Borneo rainbow toad seen for 1st time in 87 years

Jul 14, 2011 By SEAN YOONG , Associated Press
Borneo rainbow toad seen for 1st time in 87 years (AP)
This photo, taken June 13, 2011 and released by Institute of Biodiversity and Environmental Conservation, shows an adult female Bornean Rainbow Toad, also referred to as Sambas Stream Toad (Ansonia latidisca) in Penrissen, Sarawak, Malaysian Borneo. Scientists scouring the mountains of Borneo spotted the toads, which were last seen by European explorers in 1924, providing the world with the first photographs of the colorful, spindly-legged creature, a researcher said Thursday, July 14, 2011. (AP Photo/Institute of Biodiversity and Environmental Conservation, Indraneil Das) NO SALE, MANDATORY CREDIT, ONE TIME USE ONLY, NO ARCHIVES

Scientists scouring the mountains of Borneo spotted a toad species last seen in 1924 by European explorers and provided the world with the first photographs of the colorful, spindly legged creature, a researcher said Thursday.

In recent years, the Washington-based Conservation International placed the Sambas stream toad, also known as the Bornean rainbow toad, on a world "Top 10 Most Wanted Lost Frogs" and voiced fears it might be extinct.

Researchers found three of the slender-limbed toads living on trees during a night search last month in a remote mountainous region of Malaysia's eastern Sarawak state in Borneo, said Indraneil Das, a conservation professor at the Sarawak Malaysia University who led the expedition.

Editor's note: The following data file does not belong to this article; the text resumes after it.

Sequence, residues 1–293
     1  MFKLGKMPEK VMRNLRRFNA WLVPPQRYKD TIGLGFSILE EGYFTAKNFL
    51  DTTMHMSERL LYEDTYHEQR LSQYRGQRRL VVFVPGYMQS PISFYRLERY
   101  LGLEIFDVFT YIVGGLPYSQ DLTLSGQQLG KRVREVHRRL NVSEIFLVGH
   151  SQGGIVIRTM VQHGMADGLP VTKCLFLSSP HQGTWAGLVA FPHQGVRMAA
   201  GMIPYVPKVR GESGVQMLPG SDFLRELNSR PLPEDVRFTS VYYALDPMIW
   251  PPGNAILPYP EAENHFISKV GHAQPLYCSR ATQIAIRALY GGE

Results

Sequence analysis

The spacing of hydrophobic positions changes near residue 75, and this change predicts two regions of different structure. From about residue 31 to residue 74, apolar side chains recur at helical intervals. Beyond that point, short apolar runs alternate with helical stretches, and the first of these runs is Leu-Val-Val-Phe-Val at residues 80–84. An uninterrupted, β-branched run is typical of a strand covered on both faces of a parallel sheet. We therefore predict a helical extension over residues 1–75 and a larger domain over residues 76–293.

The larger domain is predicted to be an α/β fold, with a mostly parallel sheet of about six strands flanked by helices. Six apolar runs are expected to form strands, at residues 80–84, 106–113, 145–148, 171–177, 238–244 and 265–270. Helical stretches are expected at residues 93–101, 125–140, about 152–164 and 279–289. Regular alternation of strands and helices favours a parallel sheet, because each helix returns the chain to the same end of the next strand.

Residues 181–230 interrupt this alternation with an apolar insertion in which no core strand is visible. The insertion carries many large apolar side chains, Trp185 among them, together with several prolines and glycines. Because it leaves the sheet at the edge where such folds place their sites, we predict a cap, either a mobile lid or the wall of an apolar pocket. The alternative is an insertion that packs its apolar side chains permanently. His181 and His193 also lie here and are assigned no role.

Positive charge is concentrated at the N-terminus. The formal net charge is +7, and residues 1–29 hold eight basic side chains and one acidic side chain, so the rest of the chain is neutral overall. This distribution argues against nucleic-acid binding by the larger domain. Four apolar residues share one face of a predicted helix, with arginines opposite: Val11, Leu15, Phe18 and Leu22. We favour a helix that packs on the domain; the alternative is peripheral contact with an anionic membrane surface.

Only illustrations of the toads previously existed. Das said his team first decided to seek the toad last August, but months of searching proved fruitless until they went higher up the Penrissen mountain range, which has rarely been explored in the past century.

"It is good to know that nature can surprise us when we are close to giving up hope, especially amidst our planet's escalating extinction crisis," Robin Moore, a specialist on amphibians at Conservation International, said in a statement announcing the discovery.

The toads found on three separate trees measured up to 2 inches (5.1 centimeters) in size and comprised an adult male, an adult female and a juvenile, the statement said.

Das declined to reveal the exact site of his team's discovery because of fears of illegal poaching due to strong demand for bright-hued amphibians. Researchers will continue work to find out more about the Borneo Rainbow Toad and other amphibians in Penrissen.

Conservationists say many endangered animals in Borneo are threatened by hunting and habitat loss sparked by logging, plantations and other human development.

Explore further: In stickleback fish, dads influence offspring behavior and gene expression

More information: Conservation International: http://tinyurl.com/25k8yr2

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jscroft
2.5 / 5 (2) Jul 14, 2011
How do you tell the difference between an extinct species and one that has evolved a desire not to be observed by Man?
Scottingham
not rated yet Jul 14, 2011
@iscroft -Intelligence of said species. E.G. giant encephalopods.
jscroft
1 / 5 (1) Jul 14, 2011
@Scottingham: Maybe. But what about simple selection pressure? I've always wondered if many "endangered" species of commercial fishes haven't simply moved away from our fishing grounds and adapted to their new conditions.

Another way to ask my original question is: "How can you tell the difference between selection bias and an actual phenomenon?" That's a tough one even WITHOUT the politics.